Modern log cabin with rocking chairs on porch.

To save energy, money, the environment, or all of the above, more and more homeowners are going green. If you want a sustainable home that will help save the planet, a log cabin may be the best option for you.

Compared to traditional stick and brick houses, log cabins usually have more environmentally-friendly perks. Here are a few ways log cabins can help make the planet greener.

More Sunlight

Log cabins are usually not overshadowed by surrounding buildings. Since they are typically situated in sunlight, log cabins are a perfect fit for harvesting solar energy.

Thanks to government programs, solar panels have become more accessible. Moreover, off-grid solar power systems are highly adaptable to solar cabins.

Log cabins are designed to allow more natural sunlight to get inside. This reduces the need for artificial lighting.

Eco-Friendly Materials

Wood is a natural, renewable and sustainable material. Other materials used to build log cabins are free of plastic, formaldehyde, additives, and chemicals. A lot of log cabins are built from dead timber instead of live trees.

And, a lot of log cabin builders use reclaimed or recycled wood in order to improve practices of green building. The use of reclaimed materials helps reduce waste.

Good builders never let any wood go to waste. Builders often use scrap wood for furniture. Log cabin builders are typically big supporters of reforestation programs.

Of course, a lot of builders still harvest wood, but harvesting wood takes much less energy than manufacturing materials used to build standard homes. The carbon footprint of log cabins is very low as they don’t use steel or concrete.

Cement, the key ingredient in concrete, is the source of approximately 8% of the world’s CO2 emissions. By using wood as a construction material, we can significantly reduce greenhouse gas emissions.

Most people, however, have doubts about the longevity of log cabins. Concrete and steel are much more durable materials than wood, but a log cabin that is properly looked after will last a lifetime.

Energy Efficiency

According to energy.gov, logs can provide both insulation and structure in a solid log wall. Under the right circumstances, timber absorbs heat throughout the day and releases it at night. Since the need for heating is very low compared to concrete buildings, energy consumption is significantly lower.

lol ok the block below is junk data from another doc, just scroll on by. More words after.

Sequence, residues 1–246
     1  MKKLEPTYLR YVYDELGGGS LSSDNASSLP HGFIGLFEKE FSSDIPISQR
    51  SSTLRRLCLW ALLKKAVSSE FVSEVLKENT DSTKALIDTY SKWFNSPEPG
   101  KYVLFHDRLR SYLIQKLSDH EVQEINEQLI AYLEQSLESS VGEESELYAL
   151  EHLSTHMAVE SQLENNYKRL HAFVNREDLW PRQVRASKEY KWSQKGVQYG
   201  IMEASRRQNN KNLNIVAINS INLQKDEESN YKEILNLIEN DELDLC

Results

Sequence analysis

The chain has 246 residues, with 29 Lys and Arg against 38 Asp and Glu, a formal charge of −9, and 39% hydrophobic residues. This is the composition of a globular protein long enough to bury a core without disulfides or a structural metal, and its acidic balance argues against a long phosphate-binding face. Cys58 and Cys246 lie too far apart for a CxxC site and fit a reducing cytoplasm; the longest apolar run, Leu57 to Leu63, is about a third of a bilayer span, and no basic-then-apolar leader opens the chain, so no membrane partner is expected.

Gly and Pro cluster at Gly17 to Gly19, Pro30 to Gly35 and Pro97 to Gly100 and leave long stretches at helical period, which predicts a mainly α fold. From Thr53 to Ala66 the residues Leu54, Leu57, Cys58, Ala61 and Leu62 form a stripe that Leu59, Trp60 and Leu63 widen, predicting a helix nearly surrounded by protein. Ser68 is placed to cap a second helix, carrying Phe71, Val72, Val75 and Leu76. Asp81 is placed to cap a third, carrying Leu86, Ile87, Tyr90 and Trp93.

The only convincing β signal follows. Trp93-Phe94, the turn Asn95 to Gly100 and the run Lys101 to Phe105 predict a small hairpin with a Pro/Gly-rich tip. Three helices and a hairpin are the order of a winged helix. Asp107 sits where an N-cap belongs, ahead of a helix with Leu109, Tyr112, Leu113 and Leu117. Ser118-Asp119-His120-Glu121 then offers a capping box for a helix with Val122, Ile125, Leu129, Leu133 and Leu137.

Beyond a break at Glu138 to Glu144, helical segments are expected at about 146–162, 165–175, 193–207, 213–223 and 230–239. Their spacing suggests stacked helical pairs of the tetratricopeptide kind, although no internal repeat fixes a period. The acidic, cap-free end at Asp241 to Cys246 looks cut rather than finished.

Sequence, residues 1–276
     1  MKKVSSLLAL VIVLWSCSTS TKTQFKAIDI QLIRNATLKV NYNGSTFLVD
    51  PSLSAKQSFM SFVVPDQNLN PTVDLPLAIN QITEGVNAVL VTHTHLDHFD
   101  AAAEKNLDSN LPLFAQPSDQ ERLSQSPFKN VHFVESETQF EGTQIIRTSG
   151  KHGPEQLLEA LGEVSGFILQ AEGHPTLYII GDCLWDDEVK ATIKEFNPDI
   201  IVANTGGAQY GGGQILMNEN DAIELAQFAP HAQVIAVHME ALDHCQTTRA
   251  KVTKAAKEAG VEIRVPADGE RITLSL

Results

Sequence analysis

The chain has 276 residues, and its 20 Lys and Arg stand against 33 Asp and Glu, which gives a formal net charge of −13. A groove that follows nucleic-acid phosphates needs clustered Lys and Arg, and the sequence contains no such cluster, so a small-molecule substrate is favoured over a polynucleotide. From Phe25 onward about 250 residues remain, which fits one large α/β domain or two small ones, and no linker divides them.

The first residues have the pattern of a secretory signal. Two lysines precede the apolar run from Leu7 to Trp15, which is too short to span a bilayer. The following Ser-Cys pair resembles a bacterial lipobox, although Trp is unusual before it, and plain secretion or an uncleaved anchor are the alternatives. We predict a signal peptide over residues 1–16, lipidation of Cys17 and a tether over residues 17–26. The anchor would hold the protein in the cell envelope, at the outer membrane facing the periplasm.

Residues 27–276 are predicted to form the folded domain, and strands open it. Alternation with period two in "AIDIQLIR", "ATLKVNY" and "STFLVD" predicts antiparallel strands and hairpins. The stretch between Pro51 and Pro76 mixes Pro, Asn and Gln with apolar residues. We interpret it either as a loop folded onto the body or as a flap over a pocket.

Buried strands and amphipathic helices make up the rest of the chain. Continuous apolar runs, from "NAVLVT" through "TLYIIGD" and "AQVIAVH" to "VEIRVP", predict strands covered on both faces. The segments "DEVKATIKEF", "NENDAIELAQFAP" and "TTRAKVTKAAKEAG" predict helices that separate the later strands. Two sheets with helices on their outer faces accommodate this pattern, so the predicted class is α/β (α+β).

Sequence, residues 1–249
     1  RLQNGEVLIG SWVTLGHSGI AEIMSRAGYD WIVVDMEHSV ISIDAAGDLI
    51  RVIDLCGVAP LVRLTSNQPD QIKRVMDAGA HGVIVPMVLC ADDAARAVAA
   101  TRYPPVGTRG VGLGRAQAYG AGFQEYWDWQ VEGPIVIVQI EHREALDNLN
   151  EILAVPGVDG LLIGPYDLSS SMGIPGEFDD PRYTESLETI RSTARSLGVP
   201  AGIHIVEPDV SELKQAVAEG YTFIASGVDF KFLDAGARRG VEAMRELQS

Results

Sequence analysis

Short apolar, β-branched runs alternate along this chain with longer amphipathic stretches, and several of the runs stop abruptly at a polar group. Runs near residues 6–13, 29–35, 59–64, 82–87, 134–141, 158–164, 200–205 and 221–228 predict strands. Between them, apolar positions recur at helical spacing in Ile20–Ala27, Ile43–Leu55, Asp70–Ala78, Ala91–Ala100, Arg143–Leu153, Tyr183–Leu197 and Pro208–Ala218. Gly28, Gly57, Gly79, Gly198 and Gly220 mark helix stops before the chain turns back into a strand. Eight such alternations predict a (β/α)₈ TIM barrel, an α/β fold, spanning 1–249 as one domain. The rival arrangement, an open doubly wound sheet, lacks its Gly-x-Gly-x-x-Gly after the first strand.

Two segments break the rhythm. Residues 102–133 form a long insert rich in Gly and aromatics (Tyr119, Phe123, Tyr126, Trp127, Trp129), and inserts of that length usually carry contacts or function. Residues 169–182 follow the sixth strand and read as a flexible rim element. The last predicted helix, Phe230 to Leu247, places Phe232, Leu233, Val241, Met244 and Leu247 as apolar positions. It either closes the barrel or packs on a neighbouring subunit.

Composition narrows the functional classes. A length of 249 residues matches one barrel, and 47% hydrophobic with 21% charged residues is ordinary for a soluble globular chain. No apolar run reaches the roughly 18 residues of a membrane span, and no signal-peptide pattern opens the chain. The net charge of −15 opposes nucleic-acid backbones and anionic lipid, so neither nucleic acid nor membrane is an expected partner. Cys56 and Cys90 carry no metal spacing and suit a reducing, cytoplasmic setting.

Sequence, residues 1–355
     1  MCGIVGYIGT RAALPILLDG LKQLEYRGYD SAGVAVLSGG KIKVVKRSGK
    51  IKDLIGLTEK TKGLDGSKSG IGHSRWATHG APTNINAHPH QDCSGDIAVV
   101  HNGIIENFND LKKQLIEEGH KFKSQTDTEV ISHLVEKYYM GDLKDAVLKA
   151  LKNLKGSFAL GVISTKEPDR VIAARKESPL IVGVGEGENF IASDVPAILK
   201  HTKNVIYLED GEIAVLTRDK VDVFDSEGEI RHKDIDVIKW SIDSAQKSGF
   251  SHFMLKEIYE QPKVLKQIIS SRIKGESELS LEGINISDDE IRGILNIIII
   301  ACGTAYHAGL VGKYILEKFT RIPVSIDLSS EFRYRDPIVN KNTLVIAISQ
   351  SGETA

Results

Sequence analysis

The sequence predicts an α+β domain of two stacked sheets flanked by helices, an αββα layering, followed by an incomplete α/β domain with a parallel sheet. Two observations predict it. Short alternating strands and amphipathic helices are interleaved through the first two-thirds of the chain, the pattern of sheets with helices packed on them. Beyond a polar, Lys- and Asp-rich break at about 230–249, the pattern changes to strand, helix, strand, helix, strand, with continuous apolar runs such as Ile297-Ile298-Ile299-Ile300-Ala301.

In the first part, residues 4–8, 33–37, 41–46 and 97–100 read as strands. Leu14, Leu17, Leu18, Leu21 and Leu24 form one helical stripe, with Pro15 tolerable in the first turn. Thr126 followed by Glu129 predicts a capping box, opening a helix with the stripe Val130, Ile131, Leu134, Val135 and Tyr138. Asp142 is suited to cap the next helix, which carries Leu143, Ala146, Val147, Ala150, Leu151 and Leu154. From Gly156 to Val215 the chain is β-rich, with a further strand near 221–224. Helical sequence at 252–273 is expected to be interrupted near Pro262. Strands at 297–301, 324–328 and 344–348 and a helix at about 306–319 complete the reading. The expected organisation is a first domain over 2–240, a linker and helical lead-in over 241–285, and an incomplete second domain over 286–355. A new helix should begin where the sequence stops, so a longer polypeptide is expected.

All of this only goes if the cabin is well-built. Log cabins can develop air leaks if they are not properly constructed or assembled. The problem usually occurs due to shrinkage. This is why experienced builders use seasoned logs. According to energy.gov, the best woods to use to avoid energy loss problems are:

  • Cedar
  • Spruce
  • Pine
  • Fir
  • Larch

Environmentally-conscious log cabin owners often use sheep wool between logs to improve the insulation of their cabin. It’s an eco-friendly alternative to foam or fiberglass insulation. Unlike other materials used for insulation, wool doesn’t require much processing.

Water Harvesting

Many log cabins use systems for collecting rainwater. Such a system can be installed on the rooftop of a cabin. Rainwater is soft, so it is gentler on plumbing and requires less soap. Rainwater collection can be of great value in areas plagued with drought.

When you use rainwater, you don’t have to worry about it being contaminated with chlorine, pesticides, feces, and industrial chemicals. Using a rainwater collection system helps reduce the amount of energy needed to supply, store, and treat water.

Rainwater harvesting systems that can be used on log cabin roofs are quite affordable. Entry-level kits cost less than $100. One can even use a recycled whiskey barrel as a storage tank.

Homeowners

Homeowners are often one of the main reasons why log cabins are so sustainable and environmentally friendly. Log cabins are popular among eco-conscious nature lovers who are committed to reducing their carbon footprint.

If you are considering living in a log cabin, there are a few other things you can do to make it even more environmentally-friendly and sustainable:

  • Be aware of setbacks from wetlands, rivers, lakes, and other bodies of water. Don’t build a log cabin within at least 50 feet of a waterbody and 100 feet of wetlands. This will lessen the chances of manmade pollution entering the water.

  • Minimize brushing, landscaping, and other activities that may affect the natural surroundings around your cabin. This will help preserve the native flora and fauna.

  • Build on logged over property or on a brownfield. You won’t impact other areas if you use land that has already been disturbed.

  • Consider permeable pavers or a gravel/reinforced grass mix for your driveway. This is to ensure rain will flow naturally around the area.

  • Install low flow faucets, toilets, and showerheads.

  • Consider an open floor plan. It will allow for the flow of warmth throughout the cabin.

Conclusion

Log cabins have always been green. However, their “eco-friendliness” largely depends on the builders and residents. Luckily, most log cabin builders and owners are doing their part for a greener planet. Thanks to them, log cabins are one of the most environmentally-friendly homes.


By Kevin Jefferson

Kevin has gone through an extensive home renovation with his son, which he has both thoroughly enjoyed, and dreaded every morning. He is now the proud owner of half his dream house (the other half has been waiting for spring). You can read more of Kevin’s work on PlainHelp.

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